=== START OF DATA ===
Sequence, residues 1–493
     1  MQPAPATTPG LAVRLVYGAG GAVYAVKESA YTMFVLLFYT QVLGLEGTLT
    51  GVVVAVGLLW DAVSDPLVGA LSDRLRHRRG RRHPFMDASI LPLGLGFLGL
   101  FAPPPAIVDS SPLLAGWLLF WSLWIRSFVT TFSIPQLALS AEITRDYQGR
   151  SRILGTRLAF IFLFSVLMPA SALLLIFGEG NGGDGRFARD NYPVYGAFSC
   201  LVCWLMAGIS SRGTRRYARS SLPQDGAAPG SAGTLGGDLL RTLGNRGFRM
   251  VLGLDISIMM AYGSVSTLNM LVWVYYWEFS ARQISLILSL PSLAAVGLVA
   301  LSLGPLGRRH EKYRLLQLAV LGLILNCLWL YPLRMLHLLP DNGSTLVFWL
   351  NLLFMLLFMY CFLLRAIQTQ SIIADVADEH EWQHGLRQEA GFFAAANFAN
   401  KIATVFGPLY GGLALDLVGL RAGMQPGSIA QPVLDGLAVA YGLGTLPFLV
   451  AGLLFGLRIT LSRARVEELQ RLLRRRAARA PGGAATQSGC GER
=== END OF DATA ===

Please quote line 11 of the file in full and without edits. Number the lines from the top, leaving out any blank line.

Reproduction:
   451  AGLLFGLRIT LSRARVEELQ RLLRRRAARA PGGAATQSGC GER